Action Centered Leadership

Balancing task, team and individual

Imagine you’ve recently started a new job as a team leader. At first, you’re completely overwhelmed with all there is to do. You’ve got to get to grips with the group’s objectives, assign tasks, keep everyone motivated, and adhere to a strict schedule. And that feels like just the tip of the iceberg!

You also know that, under your predecessor, several of the team were struggling a little, so you devote a lot of your time to coaching these individuals. This seems to be working well, with the team members concerned growing in confidence as a result of your hard work. But after a few weeks, your start to realize that things are going badly wrong in other areas.

The group isn’t working cohesively as a whole, and an unpleasant blame culture has sprung up amongst several team members. And an important deadline is missed. You’ve been so busy coaching people that you didn’t see these things till it was too late.

Managing a team is very much like juggling several balls at once. Drop one ball, and it spoils the whole pattern.

Unfortunately, this is an easy mistake for managers to make, as they spend too much time on one responsibility at the expense of others that are just as important. This is where a management model like Action Centered Leadership helps you monitor the balance between the key areas for which you’re responsible, helping you avoid dropping any balls along the way.

In this article we’ll detail what Action Centered Leadership is, and how to use it with your team.

Action Centered Leadership

Action Centered Leadership (sometimes known as ACL) is a model that was first published in 1973 by leadership expert, John Adair.

It’s so-called because it highlights the key actions that leaders have to take when managing their teams. And it’s particularly helpful because it groups these responsibilities together under three key areas:

  • Task: Achieving the team’s goal.
  • Team: Developing and building your team, so that it’s ever more effective.
  • Individual: Helping individuals develop their full potential in the workplace.

These areas are represented by the three interlocking circles, as shown in Figure 1 below.

The model states that leaders must balance the actions they take across all three key areas if they want their group to succeed. The areas are interdependent; if a leader focuses too much on one area and neglects the other two, then the group will experience problems.

The shaded areas in Figure 1 show where one element relies on one or both of the others for success.

Here is an example that illustrates this interdependency:

Imagine your team is working well together, and everyone has the skills to accomplish the final goal. However, there’s one team member who isn’t carrying his share of the load. He’s lacking motivation, and missing deadlines. The entire group’s morale starts to suffer because this one member is dragging down their productivity, and the team misses its deadline because he hasn’t finished his work.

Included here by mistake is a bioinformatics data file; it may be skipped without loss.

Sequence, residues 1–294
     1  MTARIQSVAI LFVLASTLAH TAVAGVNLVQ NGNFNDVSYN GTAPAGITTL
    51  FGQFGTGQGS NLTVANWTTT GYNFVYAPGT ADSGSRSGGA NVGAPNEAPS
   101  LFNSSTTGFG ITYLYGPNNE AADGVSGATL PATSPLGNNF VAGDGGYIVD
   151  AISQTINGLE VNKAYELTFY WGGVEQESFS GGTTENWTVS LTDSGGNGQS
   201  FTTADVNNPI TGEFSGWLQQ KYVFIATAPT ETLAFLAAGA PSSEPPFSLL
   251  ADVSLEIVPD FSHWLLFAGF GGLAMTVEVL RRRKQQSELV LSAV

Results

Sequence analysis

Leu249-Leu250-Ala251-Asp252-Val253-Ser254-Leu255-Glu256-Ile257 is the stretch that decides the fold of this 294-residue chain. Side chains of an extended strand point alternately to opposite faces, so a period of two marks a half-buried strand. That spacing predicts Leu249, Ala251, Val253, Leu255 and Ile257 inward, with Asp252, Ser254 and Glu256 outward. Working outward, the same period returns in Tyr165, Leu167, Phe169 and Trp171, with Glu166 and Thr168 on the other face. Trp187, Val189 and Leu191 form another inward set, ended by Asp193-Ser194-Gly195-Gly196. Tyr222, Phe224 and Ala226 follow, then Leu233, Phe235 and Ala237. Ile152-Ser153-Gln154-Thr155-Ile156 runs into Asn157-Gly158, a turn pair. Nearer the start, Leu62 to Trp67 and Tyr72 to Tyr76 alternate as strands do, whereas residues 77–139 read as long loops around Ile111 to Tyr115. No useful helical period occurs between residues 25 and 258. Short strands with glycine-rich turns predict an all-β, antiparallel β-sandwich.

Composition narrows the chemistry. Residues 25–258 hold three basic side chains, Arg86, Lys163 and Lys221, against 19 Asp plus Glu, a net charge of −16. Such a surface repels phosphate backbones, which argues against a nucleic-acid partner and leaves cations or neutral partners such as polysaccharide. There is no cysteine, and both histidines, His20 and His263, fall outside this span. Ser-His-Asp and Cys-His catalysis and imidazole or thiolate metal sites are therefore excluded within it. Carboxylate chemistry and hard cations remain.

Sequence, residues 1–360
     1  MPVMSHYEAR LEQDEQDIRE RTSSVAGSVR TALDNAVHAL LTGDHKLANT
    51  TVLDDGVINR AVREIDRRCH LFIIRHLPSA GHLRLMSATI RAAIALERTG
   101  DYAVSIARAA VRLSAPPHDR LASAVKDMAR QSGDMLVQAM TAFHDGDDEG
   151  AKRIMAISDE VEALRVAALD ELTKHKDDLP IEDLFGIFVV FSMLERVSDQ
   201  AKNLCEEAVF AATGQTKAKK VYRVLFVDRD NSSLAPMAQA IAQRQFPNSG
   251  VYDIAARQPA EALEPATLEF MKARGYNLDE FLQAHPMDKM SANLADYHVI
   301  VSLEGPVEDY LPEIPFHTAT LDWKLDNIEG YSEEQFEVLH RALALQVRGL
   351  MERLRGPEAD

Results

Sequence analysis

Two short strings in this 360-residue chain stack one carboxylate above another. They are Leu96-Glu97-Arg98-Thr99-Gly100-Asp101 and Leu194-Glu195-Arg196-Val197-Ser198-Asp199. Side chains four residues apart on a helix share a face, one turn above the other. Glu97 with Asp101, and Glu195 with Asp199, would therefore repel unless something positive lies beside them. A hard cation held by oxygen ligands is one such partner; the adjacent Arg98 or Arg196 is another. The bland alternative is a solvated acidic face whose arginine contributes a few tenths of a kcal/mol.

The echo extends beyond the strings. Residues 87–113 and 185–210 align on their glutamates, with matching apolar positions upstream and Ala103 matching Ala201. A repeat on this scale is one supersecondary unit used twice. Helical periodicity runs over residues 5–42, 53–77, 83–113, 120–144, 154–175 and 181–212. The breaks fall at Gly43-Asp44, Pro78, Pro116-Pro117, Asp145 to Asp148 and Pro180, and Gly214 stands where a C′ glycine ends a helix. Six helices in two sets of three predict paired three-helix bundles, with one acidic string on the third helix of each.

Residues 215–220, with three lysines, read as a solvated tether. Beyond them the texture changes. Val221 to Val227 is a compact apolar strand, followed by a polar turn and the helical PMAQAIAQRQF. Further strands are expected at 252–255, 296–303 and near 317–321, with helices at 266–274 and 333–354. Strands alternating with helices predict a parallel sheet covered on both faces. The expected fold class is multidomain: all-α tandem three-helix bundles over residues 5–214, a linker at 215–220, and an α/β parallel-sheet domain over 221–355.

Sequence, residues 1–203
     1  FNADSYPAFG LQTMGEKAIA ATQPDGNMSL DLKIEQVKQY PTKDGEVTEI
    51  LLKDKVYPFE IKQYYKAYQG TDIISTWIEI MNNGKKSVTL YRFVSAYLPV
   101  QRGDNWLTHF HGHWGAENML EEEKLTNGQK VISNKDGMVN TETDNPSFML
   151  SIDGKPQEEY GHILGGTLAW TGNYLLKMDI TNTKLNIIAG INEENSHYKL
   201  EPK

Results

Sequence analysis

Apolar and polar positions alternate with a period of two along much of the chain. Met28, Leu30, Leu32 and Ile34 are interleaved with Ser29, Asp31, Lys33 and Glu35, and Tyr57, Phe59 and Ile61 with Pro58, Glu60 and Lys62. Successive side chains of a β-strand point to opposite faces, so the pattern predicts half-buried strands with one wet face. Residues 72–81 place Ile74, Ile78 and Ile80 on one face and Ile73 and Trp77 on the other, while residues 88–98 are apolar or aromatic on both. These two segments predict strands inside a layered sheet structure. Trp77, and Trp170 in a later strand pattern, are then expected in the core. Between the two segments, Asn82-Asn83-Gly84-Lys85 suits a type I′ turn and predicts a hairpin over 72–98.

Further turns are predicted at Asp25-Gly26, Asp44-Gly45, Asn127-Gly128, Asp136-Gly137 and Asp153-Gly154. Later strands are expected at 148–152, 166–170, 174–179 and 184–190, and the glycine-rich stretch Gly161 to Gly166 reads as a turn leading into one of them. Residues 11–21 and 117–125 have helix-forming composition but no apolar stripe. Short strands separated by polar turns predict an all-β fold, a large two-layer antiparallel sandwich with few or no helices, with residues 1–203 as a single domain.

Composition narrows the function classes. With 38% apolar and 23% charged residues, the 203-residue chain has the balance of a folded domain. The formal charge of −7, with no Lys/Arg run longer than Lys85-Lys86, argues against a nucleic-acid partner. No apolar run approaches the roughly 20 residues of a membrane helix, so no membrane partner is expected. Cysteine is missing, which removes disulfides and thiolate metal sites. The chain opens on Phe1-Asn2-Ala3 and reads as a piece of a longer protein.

Here, issues with the individual are negatively affecting the task as well as the team.

Alternatively, imagine what would happen if you didn’t articulate your team’s goal properly. Everyone may have great individual skills, and people may work really well together, but because no one is sure what they should be trying to achieve, progress isn’t being made towards your goal.

In this example, both the individual and the team needs are being met, but task needs are being ignored. Because the group isn’t sure how to accomplish their task, they’re headed towards failure.

How to use the tool:

Review the activities you’re carrying out for each of the three key leadership areas, and make sure that you’re dividing your time amongst all three appropriately.

Here’s a list of common tasks for each of the three management responsibilities. You can use these as a guideline; and tasks can be added or eliminated based on your specific situation.


  • Identify the purpose of the group, and communicate that purpose to all team members.
  • Clearly state the final goal of the group.
  • Make sure everyone understands the resources, people, and processes that they should be using.
  • Establish deadlines for project tasks, and explain the quality standards you’re expecting.
  • Create a detailed plan for how the group is going to reach their final goal.


  • Identify the style the group will be working in (very formal, relaxed, etc.)
  • Make sure that everyone in the group has the skills and training to accomplish the final goal.
  • If your team will be working in smaller groups, appoint a leader for each group, and make sure that he or she is effective and properly trained.
  • Monitor group relationships, and resolve conflicts where necessary.
  • Work on keeping the group motivated, and morale high.
  • Give regular feedback on the group’s performance.


  • Make sure that you spend some one on one time with each member of your group for assessment: identify their strengths and weaknesses, their needs, and any special skills they can bring to the group.
  • Make sure each group member has the skills to perform his or her role successfully.
  • Appropriately praise and reward individual team members for their contribution to the group.
  • Help define each individual’s role within the group, and agree the tasks they’re responsible for.
  • If any team members seem to be lagging behind, coach them until they’re back on track.

Important Points:

Leaders have many responsibilities when it comes to managing their teams. And, it’s easy to get so focused on one area that the others slip by the wayside, leading to an unbalanced, poorly-functioning group.

Using a tool like Action Centered Leadership can help any leader stay on top of the most important responsibilities, and keep the group working efficiently, happily, and productively.

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